Seaboe
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  #54  
Old 01 February 2018, 07:40 PM
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Quote:
Originally Posted by Richard W View Post
(eta) Your boarding pass is checked before security by the automatic machine, but last time I went through Gatwick just after Christmas, my passport wasn't checked at that point. I was holding it because I expected it to be checked, but it wasn't checked until the gate.
I could have sworn that there are passport scanners at the security room at Gatwick. They take your photo as well to match up with the passport you are carrying.

Border control is well before the gate so there must be a passport check before then. Parhaps you are passing through an inadvertant time portal as well?

I’m genuinley confused as to why your experience is so different to mine!
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  #55  
Old 02 February 2018, 12:15 AM
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Quote:
Originally Posted by GenYus234 View Post
Here is a story about a journalist who has talked to her many times.
That's the same guy who wrote the story I linked.

Quote:
Originally Posted by Hans Off View Post
I’m genuinley confused as to why your experience is so different to mine!
Different terminal? (I was at the north terminal last time I flew from Gatwick). Maybe it's changed since you flew?

The previous time I went through Gatwick, I think my passport was checked before security as well. (I can't remember, though - whether it was a scanner or a person, or what). But that was at the south terminal, so not necessarily the same arrangement.

Whatever else is happening, it's certainly the case that the rules and procedures and conventions have been changing a lot lately - which is why I paid enough attention last time I flew to realise that it all relied on the boarding pass, and my passport didn't get checked until the gate.

It's also the case that checking passports and tickets / boarding passes before you fly has been the responsibility of the airlines - not security - for quite a while. The airline obviously has to check the ticket, because they're the ones who issue it. And passports are "officially" checked when you arrive in a country, not when you leave the previous country - the reason airlines check them is to make sure you've a decent chance of being let in when you arrive, to avoid having to fly you straight home again. It's a business decision. (eta - I think it may also be a legal requirement for some countries, but countries can't fully pass off their immigration procedures to airlines, so the airlines aren't ultimately responsible for it).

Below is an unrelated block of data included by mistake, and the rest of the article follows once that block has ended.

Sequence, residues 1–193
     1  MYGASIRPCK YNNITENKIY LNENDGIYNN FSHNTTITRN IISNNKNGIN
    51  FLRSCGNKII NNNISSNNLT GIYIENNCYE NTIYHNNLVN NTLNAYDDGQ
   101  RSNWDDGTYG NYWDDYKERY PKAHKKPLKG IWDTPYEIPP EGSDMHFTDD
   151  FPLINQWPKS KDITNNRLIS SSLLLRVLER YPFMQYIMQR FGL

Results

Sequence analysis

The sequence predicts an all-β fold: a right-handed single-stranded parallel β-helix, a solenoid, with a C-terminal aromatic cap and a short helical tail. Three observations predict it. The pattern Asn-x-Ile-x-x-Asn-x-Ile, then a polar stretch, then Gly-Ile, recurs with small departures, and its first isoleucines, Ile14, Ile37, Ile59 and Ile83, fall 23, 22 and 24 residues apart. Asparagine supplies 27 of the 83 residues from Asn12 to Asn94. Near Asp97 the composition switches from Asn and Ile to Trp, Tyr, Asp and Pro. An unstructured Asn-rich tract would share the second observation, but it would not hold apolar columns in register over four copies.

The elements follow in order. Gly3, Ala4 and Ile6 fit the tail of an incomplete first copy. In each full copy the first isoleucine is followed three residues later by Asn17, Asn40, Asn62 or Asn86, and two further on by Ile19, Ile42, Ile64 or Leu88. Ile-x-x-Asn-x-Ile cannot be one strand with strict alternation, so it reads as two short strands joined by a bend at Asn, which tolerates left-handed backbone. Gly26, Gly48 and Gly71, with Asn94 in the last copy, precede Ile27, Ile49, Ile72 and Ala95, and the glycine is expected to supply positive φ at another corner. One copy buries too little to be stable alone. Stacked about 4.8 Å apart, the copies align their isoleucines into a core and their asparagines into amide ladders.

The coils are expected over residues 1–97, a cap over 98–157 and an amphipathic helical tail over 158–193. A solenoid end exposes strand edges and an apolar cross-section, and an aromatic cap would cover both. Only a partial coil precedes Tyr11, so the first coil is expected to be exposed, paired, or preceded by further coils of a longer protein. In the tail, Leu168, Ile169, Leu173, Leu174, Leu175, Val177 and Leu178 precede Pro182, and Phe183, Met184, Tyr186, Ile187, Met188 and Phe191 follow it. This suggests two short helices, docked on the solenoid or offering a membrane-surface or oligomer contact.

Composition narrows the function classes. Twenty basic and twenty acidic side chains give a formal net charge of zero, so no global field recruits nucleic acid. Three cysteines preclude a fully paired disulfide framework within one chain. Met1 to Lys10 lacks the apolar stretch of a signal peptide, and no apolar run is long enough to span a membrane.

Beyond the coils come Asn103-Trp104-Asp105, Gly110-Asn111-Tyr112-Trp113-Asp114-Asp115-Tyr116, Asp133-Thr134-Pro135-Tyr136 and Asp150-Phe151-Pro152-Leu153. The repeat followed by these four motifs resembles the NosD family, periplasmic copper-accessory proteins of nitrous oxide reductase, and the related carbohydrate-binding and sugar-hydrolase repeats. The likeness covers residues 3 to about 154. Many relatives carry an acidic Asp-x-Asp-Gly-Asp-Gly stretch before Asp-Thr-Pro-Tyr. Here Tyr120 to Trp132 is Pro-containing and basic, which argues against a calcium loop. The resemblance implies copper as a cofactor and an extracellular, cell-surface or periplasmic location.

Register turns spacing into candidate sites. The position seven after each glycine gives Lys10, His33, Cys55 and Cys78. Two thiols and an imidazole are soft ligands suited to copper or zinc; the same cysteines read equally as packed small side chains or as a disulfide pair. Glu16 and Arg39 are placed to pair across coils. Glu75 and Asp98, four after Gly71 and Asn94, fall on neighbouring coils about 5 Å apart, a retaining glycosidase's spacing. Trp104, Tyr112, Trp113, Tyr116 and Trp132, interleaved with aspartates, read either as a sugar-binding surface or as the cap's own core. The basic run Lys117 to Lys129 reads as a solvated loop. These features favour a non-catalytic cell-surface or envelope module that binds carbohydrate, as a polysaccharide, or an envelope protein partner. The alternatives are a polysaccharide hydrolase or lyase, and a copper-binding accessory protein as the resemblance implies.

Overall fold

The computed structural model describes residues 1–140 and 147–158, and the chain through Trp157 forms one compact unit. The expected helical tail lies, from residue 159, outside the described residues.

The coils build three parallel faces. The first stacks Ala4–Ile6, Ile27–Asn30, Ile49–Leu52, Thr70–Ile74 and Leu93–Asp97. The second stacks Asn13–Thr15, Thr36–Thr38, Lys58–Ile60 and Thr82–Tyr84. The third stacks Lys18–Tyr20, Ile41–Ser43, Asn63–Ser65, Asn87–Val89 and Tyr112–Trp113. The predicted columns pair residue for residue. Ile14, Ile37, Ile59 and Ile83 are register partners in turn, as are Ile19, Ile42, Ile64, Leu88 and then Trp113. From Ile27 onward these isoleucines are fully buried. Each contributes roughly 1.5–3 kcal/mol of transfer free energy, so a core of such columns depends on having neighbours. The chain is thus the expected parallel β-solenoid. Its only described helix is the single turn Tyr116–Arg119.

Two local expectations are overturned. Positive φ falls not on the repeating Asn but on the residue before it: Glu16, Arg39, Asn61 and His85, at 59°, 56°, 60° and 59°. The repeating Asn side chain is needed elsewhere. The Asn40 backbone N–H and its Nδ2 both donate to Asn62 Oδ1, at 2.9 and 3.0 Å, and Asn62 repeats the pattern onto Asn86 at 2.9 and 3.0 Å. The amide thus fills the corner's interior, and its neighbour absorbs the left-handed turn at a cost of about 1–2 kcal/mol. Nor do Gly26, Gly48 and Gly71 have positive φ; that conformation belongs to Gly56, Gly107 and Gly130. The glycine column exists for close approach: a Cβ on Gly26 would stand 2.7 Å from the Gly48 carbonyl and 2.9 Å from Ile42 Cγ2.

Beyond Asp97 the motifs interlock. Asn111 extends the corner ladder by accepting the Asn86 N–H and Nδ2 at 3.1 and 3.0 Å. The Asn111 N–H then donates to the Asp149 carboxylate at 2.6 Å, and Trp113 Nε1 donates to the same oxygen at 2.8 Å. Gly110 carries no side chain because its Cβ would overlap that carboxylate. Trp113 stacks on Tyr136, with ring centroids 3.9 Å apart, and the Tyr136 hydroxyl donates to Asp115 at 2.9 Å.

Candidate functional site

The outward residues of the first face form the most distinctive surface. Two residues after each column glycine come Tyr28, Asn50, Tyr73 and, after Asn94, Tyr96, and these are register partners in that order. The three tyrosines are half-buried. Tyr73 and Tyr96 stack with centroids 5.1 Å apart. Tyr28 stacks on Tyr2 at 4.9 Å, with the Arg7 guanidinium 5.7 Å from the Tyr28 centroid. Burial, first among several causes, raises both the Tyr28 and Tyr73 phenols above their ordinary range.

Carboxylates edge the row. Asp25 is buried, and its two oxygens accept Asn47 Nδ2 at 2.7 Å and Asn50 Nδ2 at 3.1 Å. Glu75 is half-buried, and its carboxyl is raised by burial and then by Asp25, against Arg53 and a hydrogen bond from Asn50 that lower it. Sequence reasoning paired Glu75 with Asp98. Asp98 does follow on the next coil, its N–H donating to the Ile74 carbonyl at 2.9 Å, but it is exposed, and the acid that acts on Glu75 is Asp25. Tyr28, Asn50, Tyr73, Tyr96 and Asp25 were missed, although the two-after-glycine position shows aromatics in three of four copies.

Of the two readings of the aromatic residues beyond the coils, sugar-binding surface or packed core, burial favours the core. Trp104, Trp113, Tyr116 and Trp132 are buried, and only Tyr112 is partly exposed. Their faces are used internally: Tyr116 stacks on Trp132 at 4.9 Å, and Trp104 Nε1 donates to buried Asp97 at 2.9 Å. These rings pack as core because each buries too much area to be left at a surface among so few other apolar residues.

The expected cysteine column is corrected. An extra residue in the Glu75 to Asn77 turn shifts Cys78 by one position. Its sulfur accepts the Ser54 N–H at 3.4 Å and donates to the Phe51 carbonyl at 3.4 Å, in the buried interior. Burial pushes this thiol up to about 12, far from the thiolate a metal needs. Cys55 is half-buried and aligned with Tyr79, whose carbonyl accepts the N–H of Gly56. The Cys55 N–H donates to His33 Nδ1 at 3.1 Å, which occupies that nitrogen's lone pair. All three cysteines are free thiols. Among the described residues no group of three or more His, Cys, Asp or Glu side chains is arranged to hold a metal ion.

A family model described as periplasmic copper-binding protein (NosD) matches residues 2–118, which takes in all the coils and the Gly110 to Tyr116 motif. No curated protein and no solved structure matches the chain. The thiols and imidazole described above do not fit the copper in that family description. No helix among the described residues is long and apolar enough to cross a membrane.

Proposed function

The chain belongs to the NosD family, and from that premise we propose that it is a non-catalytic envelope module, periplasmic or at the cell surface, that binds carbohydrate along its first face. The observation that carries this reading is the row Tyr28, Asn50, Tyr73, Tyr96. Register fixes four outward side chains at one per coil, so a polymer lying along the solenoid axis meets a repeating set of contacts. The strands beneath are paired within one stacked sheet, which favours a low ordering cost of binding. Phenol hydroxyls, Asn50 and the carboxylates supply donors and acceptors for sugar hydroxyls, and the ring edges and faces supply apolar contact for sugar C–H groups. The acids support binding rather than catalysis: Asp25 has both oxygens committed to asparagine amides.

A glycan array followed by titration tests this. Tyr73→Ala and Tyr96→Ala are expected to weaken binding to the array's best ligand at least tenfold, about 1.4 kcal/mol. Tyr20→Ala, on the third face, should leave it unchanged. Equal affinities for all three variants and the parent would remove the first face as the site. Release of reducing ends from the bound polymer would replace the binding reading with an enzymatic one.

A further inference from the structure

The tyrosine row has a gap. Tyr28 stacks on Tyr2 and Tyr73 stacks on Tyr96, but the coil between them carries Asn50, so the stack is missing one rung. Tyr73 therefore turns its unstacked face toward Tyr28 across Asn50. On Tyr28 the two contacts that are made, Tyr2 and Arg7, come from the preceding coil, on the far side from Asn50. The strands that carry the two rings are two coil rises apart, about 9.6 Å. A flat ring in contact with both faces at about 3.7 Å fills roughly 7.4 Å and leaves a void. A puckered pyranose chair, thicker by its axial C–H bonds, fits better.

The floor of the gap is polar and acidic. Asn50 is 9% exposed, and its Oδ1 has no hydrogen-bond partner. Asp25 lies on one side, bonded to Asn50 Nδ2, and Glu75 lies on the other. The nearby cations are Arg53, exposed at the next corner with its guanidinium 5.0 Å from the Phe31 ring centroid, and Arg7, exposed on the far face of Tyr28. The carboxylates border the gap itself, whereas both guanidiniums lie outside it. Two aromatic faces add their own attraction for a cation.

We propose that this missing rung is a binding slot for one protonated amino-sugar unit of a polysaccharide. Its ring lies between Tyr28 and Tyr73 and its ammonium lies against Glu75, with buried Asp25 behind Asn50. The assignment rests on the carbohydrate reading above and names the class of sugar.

Half the discussion here comes from conflating business decisions (whether you've paid the airline to fly you) with security decisions (in terms of whether you'll pose a danger on the plane) with immigration decisions (in terms of whether you'll be allowed into the country at the other end of an international flight). Your passport (and visa if necessary) is needed for the third of those. Your boarding pass is needed for the first.

As far as safety is concerned, that's probably the most important and hardest to bypass, and it's the job of the people doing the scanning, but they don't care about the other two factors. The woman in question is apparently good at bypassing the ticketing part, slightly less good at bypassing the boarding pass part (so she usually doesn't end up on the actual flight), but there's no indication that she either tries or manages to avoid the security part. And she can't bypass the immigration part, because at least when she arrived in London recently, she was immediately found out and sent home.

Last edited by Richard W; 02 February 2018 at 12:21 AM.
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  #56  
Old 02 February 2018, 12:21 PM
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I think my last flight was to Hungary last July ish, naturally on Norwegian Air so that was South Terminal.

There was certainly a thorough passport check on arrival at Budapest, but I don’t think they verify that with the boarding pass.

So all you have to do is make it on the plane with a passport and you are through! (Visa restrictions permitting of course!)
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  #57  
Old 02 February 2018, 02:51 PM
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Here, ID (not a passport, necessarily, but qualifying photo ID) is required to get through security. It is definitely a security measure, to match the boarding pass -- which is also required to get through security -- to the person presenting it. People are not confusing business decisions with security ones, they just have a different experience of what the security requirements are.

Here, you have to have a reason for being on the secure side. So you need a boarding pass or a different document the airline can provide if you have a good reason, like needing to help a family member who has a ticket.

For international flights, passports might not be checked until you are at the gate, but you still had to show reliable ID to go through security.